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Discovering mutual challenges and goals among dairy farmers in Northern India & Northern California

Discovering mutual challenges and goals among dairy farmers in Northern India & Northern California

Posted by Straus Family Creamery, May 12, 2014

What do dairy farmers in Northern India have in common with dairy farmers in Northern California? Quite a bit. While environmental and cultural contexts are dramatically different, there are realities and challenges for dairy farmers that are surprisingly similar, such as low prices for milk, high feed costs, the struggle for economic viability and concerns around animal health.

This, and much more, is what Albert Straus and Pankaj Uttarwar, Straus Family Creamery’s Director of Research & Development and Quality Assurance, discovered during their journey to Northern India and Rajasthan in November 2013, when they responded to an invitation by renowned environmental activist Dr. Vandana Shiva.

Dr. Shiva has been named one of the seven most influential women in the world by Forbes Magazine and heads Navdanya, a nonprofit organization aiming to protect biological and cultural diversity in India and around the world. During a visit to California in 2011 that included an afternoon at the Straus dairy in Marshall, Dr. Shiva had asked Straus to visit her in India to help provide technical assistance to dairy farmers, with the goal of introducing organic farming practices and improving quality of milk.

Straus, intrigued by the idea, made the journey in the fall of 2013 with Uttarwar, a native of India. During a carefully planned trip, the two visited dairy farms, dairy equipment suppliers, veterinary clinics, and feed mills, and were able to observe and learn about the challenges Northern Indian dairy farmers face.

Everywhere in the world, quality of milk is determined by the health and diet of animals and the practices of milking and milk handling. Straus observed that providing a balanced diet for cows was a big challenge for many of the farmers he met. In Northern India, growing government-subsidized crops is more profitable than raising livestock, and high prices for feed make it difficult for farmers to provide their cows with a diet that can ensure the cows’ health and economic viability.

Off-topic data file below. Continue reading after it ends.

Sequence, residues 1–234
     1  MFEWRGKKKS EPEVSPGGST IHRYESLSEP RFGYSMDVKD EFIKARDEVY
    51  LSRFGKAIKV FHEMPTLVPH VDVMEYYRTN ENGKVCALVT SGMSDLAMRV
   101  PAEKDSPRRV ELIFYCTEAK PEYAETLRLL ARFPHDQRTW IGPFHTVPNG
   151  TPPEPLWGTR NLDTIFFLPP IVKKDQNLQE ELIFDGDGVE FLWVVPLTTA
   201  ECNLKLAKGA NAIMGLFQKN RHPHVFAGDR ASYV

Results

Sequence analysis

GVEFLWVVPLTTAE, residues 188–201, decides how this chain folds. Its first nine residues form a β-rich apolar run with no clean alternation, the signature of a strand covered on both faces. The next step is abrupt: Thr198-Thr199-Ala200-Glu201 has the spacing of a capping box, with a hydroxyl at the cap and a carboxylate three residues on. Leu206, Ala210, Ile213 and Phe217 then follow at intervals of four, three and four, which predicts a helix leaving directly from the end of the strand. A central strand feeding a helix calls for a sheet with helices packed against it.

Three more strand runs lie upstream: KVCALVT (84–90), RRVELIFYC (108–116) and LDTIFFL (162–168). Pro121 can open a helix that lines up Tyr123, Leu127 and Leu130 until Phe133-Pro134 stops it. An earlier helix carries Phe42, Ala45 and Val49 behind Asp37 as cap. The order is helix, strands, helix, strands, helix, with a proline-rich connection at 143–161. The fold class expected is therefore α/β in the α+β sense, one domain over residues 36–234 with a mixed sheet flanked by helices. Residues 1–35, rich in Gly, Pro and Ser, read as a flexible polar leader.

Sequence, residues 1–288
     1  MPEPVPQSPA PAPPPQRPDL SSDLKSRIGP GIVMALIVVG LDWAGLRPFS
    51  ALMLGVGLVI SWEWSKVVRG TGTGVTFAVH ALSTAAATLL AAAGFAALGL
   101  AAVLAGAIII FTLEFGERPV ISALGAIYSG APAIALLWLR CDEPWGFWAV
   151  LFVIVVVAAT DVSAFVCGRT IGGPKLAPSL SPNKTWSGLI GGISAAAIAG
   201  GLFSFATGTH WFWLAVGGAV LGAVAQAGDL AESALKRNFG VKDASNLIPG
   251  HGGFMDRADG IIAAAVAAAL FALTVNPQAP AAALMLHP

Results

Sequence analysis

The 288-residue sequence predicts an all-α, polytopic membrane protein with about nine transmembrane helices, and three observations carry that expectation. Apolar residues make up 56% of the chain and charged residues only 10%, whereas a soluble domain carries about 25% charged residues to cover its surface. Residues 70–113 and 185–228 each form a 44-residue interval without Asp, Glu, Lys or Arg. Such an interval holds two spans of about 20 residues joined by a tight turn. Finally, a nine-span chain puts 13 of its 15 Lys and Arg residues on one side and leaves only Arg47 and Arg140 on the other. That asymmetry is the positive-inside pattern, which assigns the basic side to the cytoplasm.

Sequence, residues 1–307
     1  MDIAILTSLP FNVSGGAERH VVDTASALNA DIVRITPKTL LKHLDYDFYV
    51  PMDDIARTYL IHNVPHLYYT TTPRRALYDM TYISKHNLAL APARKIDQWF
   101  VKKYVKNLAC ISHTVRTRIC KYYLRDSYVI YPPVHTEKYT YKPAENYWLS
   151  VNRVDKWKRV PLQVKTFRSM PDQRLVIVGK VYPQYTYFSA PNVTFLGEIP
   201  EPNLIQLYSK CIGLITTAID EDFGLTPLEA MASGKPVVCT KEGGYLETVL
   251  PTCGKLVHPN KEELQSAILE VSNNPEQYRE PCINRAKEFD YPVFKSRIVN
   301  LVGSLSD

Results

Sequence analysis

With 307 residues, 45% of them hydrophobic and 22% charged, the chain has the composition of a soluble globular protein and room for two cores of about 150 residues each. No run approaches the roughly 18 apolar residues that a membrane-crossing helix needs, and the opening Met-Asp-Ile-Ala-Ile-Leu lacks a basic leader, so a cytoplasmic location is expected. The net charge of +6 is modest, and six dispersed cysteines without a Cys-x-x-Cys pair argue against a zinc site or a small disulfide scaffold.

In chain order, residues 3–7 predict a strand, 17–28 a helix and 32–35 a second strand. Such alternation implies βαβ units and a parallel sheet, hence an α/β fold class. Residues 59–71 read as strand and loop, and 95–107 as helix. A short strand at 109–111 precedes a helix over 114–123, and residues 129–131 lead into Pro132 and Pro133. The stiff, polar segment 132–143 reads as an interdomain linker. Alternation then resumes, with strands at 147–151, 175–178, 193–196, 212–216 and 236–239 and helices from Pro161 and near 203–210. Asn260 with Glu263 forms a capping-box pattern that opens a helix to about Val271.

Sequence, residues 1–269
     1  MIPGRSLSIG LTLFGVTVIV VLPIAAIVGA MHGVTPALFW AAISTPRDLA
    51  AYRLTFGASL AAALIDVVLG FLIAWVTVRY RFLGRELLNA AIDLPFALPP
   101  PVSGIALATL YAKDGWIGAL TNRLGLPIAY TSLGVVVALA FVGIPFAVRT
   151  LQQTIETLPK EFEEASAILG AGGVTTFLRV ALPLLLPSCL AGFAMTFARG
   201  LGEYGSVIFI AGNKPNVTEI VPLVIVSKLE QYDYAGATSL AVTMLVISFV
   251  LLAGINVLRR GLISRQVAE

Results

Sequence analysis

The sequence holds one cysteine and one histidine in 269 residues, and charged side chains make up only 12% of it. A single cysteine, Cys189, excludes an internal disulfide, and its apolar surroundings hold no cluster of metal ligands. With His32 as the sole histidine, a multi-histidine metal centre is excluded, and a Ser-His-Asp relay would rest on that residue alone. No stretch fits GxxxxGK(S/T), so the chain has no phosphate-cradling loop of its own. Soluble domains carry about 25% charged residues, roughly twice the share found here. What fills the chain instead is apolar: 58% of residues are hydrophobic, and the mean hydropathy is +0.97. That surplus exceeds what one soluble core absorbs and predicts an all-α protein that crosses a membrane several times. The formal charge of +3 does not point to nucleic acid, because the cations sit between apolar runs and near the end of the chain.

Straus saw that the main forage dairy farmers were feeding their cows was wheat straw, and a mush which contained a mixture of mustard seeds, cottonseed meal, sorghum and other grains. The Indian government incentivizes the commercial growth of wheat and therefore the availability of wheat straw is abundant, and also affordable. Unfortunately, this agricultural by-product is not very nutritious for cows. Unlike green forages, such as pasture grass, it lacks sufficient levels of protein and carbohydrates, which are important elements in a balanced diet for dairy cows.

As a result, many cows are undernourished and farmers get little milk, which does not provide a sustainable income for them. While an average organic cow in Northern California produces 6-8 gallons of milk per day, cows in Northern India produce approximately 1-2 gallons. Farmers either use the milk for consumption at home or for income, by selling it for 25-30 Rupees per liter (approx. one quart) at the market -- a small compensation in a country with high inflation rates and high food prices. Usually, the raw milk is neither commercially pasteurized, nor refrigerated, which gives it a brief shelf life of less than one day. To ensure the safety of the milk, most people boil the milk at home and consume it within a day.

Milk quality is further diminished by unsanitary milking methods and widespread occurrences of mastitis (an infection of the teats and udder), all readily and often treated conventionally in India with antibiotics. Due to a lack of regulations in India on how long cows must be removed from the milking herd after an antibiotic treatment, the amount of medication remaining in the milk by the time of human consumption varies widely.